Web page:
An internship in a startup is a great way to gain experience and learn about business. It can also end up as a permanent position, as many startups use internships as a way to find graduate talent - Rajeeb Dey, CEO & Founder, Enternships.com

Entrepreneur First

So graduation day comes and your heart is now set on becoming the next Richard Branson - but where do you go next? Your first port of call should be Entrepreneur First. This is a great government-backed initiative which is the first scheme of its kind to truly offer an estabished route to entrepreneurship for young entrepreneurs straight after graduation. The scheme works by equipping you with the skills, training and environment you need to succeed. They help to build startups that lead to economic growth and job creation by focussing on three things:

  1. Supporting people who have the ambition to build scalable businesses
  2. Only supporting startups that want to innovate
  3. Selecting people who have the skills (either technical or business-related) to make the first two things a reality

This highly sought after scheme also provides mentoring, office space, introductions to investor networks, and a warm welcome to a group of ambitious, dynamic young entrepreneurs. This could just be the place to find your next cofounder, discover an exciting business venture or even befriend the next Steve Jobs.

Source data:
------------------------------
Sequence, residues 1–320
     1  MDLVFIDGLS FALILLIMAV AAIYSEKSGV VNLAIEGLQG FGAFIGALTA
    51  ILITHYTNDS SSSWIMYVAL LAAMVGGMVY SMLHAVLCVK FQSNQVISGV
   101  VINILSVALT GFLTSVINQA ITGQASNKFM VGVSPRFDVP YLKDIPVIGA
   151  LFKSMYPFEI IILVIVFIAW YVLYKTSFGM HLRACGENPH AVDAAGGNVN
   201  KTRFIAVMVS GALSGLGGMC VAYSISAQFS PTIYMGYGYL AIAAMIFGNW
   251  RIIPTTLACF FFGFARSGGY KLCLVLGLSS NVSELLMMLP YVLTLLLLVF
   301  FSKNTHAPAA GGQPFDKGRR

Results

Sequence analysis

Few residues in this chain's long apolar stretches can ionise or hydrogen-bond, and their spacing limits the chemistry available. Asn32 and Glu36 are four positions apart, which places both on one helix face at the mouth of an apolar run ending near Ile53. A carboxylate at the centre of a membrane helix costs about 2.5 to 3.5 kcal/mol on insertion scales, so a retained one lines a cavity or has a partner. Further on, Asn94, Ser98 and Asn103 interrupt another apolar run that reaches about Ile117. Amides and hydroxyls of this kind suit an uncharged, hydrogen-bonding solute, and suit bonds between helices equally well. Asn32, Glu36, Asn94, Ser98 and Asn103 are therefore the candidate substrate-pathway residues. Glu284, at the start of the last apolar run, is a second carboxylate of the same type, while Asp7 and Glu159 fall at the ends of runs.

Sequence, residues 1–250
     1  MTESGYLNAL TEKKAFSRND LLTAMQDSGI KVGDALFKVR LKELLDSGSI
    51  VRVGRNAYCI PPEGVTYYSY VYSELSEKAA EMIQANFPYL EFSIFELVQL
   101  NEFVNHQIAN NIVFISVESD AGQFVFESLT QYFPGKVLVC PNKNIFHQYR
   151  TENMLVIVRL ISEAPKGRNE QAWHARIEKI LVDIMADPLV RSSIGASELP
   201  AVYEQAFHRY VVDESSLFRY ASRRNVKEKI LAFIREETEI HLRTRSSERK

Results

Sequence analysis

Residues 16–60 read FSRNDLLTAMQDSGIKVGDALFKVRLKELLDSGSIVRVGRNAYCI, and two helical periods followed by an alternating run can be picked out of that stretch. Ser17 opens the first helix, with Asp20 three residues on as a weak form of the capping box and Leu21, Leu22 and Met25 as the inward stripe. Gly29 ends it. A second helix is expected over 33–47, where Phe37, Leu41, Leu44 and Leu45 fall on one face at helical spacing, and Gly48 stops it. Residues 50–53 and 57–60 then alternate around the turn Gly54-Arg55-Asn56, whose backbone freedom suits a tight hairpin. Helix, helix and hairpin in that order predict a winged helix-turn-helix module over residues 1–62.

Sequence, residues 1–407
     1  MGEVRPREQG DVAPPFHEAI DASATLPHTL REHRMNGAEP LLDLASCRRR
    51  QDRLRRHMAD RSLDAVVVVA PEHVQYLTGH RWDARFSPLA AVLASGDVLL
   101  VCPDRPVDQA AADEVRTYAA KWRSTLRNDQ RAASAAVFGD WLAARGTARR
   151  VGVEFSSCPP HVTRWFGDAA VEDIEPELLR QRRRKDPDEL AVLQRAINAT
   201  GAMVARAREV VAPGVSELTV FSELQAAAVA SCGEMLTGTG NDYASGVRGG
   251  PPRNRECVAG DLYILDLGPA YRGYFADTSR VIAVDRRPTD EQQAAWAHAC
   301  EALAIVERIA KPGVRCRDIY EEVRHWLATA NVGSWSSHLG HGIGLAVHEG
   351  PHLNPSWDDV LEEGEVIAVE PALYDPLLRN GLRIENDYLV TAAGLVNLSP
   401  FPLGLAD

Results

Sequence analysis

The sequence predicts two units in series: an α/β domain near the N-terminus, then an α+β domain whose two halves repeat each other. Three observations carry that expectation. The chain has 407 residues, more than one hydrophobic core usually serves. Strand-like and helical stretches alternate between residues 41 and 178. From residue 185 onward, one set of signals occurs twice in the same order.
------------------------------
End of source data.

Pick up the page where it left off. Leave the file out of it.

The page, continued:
So why do we think EF is different? EF is designed to help build the type of startups that do lead to economic growth and job creation. So, if you have the ambition and the skill, EF is a great place to get started - Matt Clifford, CEO of Entrepreneur First

Supporting partners of the scheme include McKinsey&Company, Microsoft and Silicon Valley Bank, so even if things don't quite work out as planned, in true entrepreneurial form you can bounce back and use this experience to convince employers that you're creative, enterprising and prepared to take a risk. With applications opening from September, you can find out more at Entrepreneur First or get in touch with two of Warwick's own top grads @IsaacLewis @evidetta who are currently on the scheme.

Watch out for the band wagon

Although entrepreneurship offers a wealth of opportunity, it can be a rocky road, with successs some way in the future. And that's before we mention the hard graft - palatable to some, but not for the faint-hearted. So at this pivotal stage of your career, before you quit the job search and begin working on a start-up, think carefully - have you got the makings of an entrepreneur, or do you value security and certainty? The entrepreneurial lifestyle can be exciting and rewarding, but it's not for the risk averse.

High-growth entrepreneurship should be viewed as a high-skill profession. Initiatives that present founding a business as an accessible alternative to employment, particularly in a difficult economic climate, will tend to produce in aggregate a group of new firms that are not well equipped to scale - Peter Tufano, Dean of Oxford's Said Business School and Founder of the Harvard Innovation Lab Schemes